A Play on the Mirror Cliché
I read this in a recently published crime novel: “As he reached for his Visa, the security monitor next to the register caught Billy in all his glory: football burly but slump shouldered, his pale face with his exhaustion-starred eyes topped with only half a pitchfork’s worth of prematurely graying hair.” As you might’ve guessed, Billy’s a cop—more specifically an NYPD detective on the graveyard shift (his last name is actually Graves).
Here’s my theory. The author (prolific, successful) wanted to give us this image of Billy but wasn’t going to stoop to using the old he-looked-in-the-mirror technique. Besides, Billy doesn’t look in mirrors. That much is clear. So…a security screen! At the Korean deli where he buys the crap that’s supposed to keep him awake all night!
Pale face, exhausted eyes, gray, thinning hair (is that what “half a pitchfork’s worth” means?)— that deli has one high-resolution monitor! Maybe security systems have gotten more high tech lately. I try not to look at the screens myself—a) because I don’t want the person behind the register to think I’m vain enough to want to check myself out; and b) when I can’t resist glancing up—just a glance!—the picture is so grainy and dark I don’t automatically recognize myself. Does anyone look reasonably like themselves in security footage? If I could, I’d make this point to the author (whom I will identify shortly). I’d also have to add, isn’t it kinda cheesy? Is it any better than the mirror cliche? He could argue that Billy, whose coloring is gray and white and black, shows up perfectly. He could swear that in the delis he knows with security monitors, people look themselves, and anyway, security footage is as key to Billy’s life as iPhone pictures are to the rest of us. My only rebuttal would be that I could envision Billy perfectly without the security image.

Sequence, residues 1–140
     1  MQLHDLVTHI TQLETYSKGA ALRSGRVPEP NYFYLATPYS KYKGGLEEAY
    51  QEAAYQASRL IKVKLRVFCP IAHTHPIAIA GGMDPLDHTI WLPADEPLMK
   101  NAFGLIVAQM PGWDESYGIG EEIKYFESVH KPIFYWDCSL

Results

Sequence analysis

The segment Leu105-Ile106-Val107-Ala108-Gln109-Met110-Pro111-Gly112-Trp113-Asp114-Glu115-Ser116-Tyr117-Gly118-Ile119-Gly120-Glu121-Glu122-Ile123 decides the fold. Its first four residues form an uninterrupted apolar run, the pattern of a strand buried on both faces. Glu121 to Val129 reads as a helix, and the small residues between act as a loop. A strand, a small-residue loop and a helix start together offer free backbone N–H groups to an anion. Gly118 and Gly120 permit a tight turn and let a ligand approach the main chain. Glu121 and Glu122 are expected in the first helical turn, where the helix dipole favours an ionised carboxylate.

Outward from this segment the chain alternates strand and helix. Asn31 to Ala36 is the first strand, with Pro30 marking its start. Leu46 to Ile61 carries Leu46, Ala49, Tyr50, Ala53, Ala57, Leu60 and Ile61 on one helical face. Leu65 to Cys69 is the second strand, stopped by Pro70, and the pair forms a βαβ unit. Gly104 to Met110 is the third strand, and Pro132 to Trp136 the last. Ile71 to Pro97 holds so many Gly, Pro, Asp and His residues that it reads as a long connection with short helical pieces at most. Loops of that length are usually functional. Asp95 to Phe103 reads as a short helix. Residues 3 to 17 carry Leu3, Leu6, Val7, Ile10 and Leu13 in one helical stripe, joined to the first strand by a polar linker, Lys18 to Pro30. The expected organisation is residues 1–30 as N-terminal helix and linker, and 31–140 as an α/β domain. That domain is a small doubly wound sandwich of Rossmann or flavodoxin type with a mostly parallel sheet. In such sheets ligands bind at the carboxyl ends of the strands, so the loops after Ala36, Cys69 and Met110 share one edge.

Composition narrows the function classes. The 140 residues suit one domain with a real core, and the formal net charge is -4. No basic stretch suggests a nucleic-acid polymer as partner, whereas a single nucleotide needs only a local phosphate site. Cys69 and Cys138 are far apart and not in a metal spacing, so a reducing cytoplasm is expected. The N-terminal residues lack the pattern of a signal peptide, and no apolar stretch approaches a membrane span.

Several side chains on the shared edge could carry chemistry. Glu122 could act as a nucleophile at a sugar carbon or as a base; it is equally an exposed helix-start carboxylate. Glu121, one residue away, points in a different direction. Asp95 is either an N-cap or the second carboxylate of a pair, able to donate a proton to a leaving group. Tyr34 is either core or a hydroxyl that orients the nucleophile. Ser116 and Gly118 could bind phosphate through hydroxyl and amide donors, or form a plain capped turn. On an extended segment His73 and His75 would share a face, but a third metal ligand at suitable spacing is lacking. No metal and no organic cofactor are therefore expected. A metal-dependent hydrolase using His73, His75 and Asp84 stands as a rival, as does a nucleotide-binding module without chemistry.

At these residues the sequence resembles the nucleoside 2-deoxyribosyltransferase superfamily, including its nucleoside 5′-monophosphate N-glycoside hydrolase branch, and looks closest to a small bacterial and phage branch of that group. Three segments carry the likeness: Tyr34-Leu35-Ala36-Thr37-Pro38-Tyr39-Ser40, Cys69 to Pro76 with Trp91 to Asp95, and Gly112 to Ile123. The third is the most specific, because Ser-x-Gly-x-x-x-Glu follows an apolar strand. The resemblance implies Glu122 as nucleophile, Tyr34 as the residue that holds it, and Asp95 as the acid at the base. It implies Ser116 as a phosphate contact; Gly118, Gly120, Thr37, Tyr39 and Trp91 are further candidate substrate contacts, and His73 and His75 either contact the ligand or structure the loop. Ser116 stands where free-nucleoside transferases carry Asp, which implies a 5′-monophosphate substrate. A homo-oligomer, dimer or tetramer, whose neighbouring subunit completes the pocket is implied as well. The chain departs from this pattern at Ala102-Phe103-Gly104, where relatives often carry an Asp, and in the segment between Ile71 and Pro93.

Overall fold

The Whites, by Richard Price, writing under the pen name Harry Brandt; Henry Holt, 2015. It’s worth reading, if you like stories that go deep into the lives of NYPD detectives dealing with the ugliest crimes imaginable. A memorable array of cops and low-lifes and people struggling with circumstances they didn’t deserve.